Nobody's State of Mind
If Arthur Clennam had not arrived at that wise decision firmly to restrain himself
from loving Pet, he would have lived on in a state of much perplexity, involving
difficult struggles with his own heart. Not the least of these would have been a
contention, always waging within it, between a tendency to dislike Mr Henry
Gowan, if not to regard him with positive repugnance, and a whisper that the
inclination was unworthy. A generous nature is not prone to strong aversions,
and is slow to admit them even dispassionately; but when it finds ill-will gaining
upon it, and can discern between-whiles that its origin is not dispassionate, such
a nature becomes distressed.
Therefore Mr Henry Gowan would have clouded Clennam's mind, and would
have been far oftener present to it than more agreeable persons and subjects but
for the great prudence of his decision aforesaid. As it was, Mr Gowan seemed
transferred to Daniel Doyce's mind; at all events, it so happened that it usually fell
to Mr Doyce's turn, rather than to Clennam's, to speak of him in the friendly
conversations they held together. These were of frequent occurrence now; as the
two partners shared a portion of a roomy house in one of the grave old-fashioned
City streets, lying not far from the Bank of England, by London Wall.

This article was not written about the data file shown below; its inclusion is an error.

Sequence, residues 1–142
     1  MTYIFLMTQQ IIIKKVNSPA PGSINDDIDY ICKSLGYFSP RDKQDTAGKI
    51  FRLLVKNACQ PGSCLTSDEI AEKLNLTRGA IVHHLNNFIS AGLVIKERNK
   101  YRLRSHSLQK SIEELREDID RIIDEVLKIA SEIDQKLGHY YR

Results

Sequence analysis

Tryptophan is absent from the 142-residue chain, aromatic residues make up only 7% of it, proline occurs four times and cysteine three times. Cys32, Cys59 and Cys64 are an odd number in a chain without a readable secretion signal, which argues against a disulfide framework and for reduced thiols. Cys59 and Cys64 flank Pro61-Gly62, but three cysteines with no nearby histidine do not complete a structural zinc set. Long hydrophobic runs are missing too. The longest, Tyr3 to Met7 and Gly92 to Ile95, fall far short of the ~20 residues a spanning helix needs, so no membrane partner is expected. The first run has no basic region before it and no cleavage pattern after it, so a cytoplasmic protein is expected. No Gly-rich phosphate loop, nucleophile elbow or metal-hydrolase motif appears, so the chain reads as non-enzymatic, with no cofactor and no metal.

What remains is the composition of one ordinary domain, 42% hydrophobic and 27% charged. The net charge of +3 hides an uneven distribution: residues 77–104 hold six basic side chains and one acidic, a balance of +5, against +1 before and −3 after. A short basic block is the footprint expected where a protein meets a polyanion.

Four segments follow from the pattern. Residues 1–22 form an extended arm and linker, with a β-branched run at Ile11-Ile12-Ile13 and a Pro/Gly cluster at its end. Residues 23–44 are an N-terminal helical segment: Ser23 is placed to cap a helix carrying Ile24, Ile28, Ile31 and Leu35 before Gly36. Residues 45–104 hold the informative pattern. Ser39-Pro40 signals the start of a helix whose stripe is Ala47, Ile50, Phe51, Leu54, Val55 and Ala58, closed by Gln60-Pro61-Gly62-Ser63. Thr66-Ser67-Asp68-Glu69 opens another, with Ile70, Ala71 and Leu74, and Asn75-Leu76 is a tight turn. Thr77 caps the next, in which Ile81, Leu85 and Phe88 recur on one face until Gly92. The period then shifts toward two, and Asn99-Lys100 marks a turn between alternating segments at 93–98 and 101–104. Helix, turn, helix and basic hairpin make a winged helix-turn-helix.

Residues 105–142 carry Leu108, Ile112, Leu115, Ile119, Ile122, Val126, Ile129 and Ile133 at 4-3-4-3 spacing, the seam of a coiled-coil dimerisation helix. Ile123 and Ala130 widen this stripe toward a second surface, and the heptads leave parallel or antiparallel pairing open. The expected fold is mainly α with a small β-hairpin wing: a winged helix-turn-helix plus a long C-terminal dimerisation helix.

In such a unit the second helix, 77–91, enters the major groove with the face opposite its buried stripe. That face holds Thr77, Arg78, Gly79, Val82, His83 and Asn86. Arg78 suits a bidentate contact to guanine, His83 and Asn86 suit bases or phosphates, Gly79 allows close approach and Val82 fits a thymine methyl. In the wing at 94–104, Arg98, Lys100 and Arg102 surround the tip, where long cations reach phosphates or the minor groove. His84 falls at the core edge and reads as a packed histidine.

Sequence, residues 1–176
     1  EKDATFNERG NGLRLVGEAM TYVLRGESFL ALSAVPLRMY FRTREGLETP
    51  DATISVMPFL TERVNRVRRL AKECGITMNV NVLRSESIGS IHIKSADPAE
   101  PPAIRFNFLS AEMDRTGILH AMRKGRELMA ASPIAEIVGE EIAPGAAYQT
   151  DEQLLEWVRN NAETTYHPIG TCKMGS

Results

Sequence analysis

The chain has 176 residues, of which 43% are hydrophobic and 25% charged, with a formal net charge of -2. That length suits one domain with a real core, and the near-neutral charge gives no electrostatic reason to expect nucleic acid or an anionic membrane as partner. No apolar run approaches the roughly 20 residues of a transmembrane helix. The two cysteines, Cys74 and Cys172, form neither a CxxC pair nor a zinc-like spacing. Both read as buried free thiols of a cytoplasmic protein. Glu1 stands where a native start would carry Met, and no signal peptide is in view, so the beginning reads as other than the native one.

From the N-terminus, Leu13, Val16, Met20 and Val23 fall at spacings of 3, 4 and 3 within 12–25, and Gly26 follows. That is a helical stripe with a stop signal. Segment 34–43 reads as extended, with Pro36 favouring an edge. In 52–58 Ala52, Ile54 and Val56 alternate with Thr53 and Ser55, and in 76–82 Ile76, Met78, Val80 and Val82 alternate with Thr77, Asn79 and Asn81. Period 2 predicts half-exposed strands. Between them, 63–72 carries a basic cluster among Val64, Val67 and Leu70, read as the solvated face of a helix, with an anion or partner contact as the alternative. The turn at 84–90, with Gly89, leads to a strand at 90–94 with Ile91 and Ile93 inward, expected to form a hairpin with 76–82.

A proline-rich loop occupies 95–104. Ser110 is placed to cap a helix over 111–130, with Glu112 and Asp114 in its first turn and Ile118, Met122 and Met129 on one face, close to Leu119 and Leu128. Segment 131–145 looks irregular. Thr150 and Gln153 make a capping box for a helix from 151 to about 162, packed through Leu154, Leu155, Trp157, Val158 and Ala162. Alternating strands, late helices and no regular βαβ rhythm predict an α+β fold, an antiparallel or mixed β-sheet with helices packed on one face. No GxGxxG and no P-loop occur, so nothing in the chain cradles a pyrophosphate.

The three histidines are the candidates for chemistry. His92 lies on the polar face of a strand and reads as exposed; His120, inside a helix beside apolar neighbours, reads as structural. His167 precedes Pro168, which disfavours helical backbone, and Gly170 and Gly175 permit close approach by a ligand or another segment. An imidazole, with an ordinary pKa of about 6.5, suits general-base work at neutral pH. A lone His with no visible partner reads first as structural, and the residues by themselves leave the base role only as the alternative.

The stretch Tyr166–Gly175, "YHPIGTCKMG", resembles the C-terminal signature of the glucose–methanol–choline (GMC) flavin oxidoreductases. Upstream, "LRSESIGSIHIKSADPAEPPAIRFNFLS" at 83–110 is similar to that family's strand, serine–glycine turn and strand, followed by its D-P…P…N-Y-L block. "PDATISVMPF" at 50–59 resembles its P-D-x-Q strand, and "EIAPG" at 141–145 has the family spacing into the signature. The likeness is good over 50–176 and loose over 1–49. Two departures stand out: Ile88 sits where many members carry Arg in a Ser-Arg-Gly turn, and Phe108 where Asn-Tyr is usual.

Mr Doyce had been to Twickenham to pass the day. Clennam had excused
himself. Mr Doyce was just come home. He put in his head at the door of
Clennam's sitting-room to say Good night.
'Come in, come in!' said Clennam.
'I saw you were reading,' returned Doyce, as he entered, 'and thought you might
not care to be disturbed.'
But for the notable resolution he had made, Clennam really might not have
known what he had been reading; really might not have had his eyes upon the
book for an hour past, though it lay open before him. He shut it up, rather quickly.
'Are they well?' he asked.
'Yes,' said Doyce; 'they are well. They are all well.'
Daniel had an old workmanlike habit of carrying his pocket- handkerchief in his
hat. He took it out and wiped his forehead with it, slowly repeating, 'They are all
well. Miss Minnie looking particularly well, I thought.'
'Any company at the cottage?'
'No, no company.' 'And how did you get on, you four?' asked Clennam gaily.
'There were five of us,' returned his partner. 'There was What's- his-name. He
was there.' 'Who is he?' said Clennam.
'Mr Henry Gowan.'
'Ah, to be sure!' cried Clennam with unusual vivacity, 'Yes!--I forgot him.'
'As I mentioned, you may remember,' said Daniel Doyce, 'he is always there on
'Yes, yes,' returned Clennam; 'I remember now.'
Daniel Doyce, still wiping his forehead, ploddingly repeated. 'Yes. He was there,
he was there. Oh yes, he was there. And his dog. He was there too.'
'Miss Meagles is quite attached to--the--dog,' observed Clennam.
'Quite so,' assented his partner. 'More attached to the dog than I am to the man.'